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and under any circumstances. Besides being a natural fighter he was a natural orator. He had a sonorous, penetrating voice, his enunciation was clear and distinct, and he knew the secret of flattering and delighting his auditors. Dan had many competitors for the patronage of the river towns, the most prominent of whom were two veteran showmen who owned a floating palace. The "Palace" was simply a large boat fitted up as an opera house with the most elegant appointments. It would seat several hundred people and was provided with a complete stage and elaborate sets of scenery. This was towed by a tug called the "James Raymond," on which all the performers roomed and took their meals. They had, besides, a steamer called the "Banjo," on which they gave a minstrel performance.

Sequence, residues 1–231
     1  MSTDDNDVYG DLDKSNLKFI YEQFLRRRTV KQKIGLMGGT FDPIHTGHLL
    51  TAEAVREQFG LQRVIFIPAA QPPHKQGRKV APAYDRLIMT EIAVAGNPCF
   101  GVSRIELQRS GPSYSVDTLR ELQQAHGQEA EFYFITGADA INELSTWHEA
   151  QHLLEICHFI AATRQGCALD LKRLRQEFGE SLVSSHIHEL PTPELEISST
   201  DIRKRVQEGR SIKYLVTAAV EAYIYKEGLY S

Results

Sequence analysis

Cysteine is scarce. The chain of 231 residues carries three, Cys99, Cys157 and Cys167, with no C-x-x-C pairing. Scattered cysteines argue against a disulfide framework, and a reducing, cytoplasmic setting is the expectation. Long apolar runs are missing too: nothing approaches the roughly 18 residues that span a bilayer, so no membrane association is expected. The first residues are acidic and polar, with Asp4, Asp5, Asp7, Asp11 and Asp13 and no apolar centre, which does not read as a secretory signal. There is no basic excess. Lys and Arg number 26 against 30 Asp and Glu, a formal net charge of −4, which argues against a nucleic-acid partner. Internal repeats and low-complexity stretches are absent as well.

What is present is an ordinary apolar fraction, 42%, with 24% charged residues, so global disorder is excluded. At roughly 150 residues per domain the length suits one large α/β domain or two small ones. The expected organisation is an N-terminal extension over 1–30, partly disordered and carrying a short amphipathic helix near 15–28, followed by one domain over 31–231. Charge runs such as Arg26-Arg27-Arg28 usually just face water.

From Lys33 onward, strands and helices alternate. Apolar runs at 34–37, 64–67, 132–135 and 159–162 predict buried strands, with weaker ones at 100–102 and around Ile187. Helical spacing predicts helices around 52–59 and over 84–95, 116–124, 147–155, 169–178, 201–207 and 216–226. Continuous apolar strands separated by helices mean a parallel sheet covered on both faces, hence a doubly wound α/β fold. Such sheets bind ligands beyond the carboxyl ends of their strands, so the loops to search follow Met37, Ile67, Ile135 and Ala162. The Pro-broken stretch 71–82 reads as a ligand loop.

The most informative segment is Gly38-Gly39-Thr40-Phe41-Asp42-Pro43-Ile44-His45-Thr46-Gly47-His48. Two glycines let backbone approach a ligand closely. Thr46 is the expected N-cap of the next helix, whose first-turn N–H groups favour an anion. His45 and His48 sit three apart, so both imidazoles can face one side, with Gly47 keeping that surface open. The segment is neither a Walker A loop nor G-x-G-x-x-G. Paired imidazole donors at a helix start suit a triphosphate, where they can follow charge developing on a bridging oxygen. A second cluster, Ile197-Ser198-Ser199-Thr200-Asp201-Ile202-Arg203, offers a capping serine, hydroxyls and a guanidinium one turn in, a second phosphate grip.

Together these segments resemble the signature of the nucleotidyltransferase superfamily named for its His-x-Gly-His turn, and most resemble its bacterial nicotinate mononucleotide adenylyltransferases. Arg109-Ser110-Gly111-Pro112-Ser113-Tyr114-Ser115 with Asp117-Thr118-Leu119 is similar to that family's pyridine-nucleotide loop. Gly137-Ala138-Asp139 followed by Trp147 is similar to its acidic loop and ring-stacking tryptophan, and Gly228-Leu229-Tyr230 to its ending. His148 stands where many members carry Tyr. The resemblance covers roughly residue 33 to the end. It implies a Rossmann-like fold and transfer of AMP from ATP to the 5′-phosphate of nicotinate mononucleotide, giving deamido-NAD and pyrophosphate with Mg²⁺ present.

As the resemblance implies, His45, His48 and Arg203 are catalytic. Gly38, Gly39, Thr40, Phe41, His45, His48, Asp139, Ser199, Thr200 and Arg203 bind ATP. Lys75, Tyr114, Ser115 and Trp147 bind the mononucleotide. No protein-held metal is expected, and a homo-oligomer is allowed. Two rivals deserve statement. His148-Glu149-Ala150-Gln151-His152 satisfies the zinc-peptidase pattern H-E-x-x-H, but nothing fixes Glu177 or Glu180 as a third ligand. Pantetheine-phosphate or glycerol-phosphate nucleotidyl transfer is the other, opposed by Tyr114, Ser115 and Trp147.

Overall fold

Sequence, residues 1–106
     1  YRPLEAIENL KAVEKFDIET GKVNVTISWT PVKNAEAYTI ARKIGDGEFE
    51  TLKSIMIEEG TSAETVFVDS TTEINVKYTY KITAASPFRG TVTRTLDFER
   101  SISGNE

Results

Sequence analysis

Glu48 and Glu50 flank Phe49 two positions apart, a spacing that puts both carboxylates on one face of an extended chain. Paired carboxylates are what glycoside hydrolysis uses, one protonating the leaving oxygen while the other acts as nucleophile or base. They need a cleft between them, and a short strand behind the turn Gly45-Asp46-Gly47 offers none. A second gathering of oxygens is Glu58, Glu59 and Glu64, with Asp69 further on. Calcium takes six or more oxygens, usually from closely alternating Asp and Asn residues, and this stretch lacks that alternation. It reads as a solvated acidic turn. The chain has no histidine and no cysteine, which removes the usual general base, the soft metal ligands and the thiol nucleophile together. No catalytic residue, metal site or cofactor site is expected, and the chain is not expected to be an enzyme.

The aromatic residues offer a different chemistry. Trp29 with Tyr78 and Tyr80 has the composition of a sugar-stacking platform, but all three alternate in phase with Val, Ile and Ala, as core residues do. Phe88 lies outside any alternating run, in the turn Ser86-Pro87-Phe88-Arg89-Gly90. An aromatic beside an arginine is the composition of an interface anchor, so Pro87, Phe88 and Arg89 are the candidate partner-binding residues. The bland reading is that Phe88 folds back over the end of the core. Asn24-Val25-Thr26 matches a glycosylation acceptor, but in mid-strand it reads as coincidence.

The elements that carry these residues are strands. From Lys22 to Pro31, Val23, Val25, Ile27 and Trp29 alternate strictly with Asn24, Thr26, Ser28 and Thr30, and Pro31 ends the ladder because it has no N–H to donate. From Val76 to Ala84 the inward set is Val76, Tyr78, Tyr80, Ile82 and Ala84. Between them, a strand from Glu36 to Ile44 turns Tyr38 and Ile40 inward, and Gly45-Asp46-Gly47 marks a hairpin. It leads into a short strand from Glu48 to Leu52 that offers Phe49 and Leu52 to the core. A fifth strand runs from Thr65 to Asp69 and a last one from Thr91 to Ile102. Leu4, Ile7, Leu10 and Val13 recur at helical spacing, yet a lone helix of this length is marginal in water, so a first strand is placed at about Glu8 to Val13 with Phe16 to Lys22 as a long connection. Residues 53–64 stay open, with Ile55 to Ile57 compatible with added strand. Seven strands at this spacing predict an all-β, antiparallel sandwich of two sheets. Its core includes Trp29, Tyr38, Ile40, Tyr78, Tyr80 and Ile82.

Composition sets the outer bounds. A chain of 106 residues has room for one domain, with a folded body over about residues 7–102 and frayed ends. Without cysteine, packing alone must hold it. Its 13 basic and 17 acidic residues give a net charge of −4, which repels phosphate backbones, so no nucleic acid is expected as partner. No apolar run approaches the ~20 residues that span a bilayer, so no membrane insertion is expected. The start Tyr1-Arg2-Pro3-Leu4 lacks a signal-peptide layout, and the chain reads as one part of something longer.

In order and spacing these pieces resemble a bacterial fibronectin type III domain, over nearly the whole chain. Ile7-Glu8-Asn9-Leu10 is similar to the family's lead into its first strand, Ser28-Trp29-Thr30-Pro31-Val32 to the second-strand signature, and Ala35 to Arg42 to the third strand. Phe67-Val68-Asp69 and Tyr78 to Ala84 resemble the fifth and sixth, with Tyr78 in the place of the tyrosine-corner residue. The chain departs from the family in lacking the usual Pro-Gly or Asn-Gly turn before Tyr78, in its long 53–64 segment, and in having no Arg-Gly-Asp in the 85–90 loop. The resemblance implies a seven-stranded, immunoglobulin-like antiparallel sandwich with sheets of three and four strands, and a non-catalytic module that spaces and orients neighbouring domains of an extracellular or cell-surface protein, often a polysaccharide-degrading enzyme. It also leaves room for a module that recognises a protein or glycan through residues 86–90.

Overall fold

Dan had formerly been "featured" as one of their attractions; but, some trouble arising, he had left them and started in business on his own account. He experienced the usual ups and downs of a showman's life, finally "went broke," and was at last cleaned out to what he boldly announced as "Dan Rice's One-Horse Show." With this little affair he courageously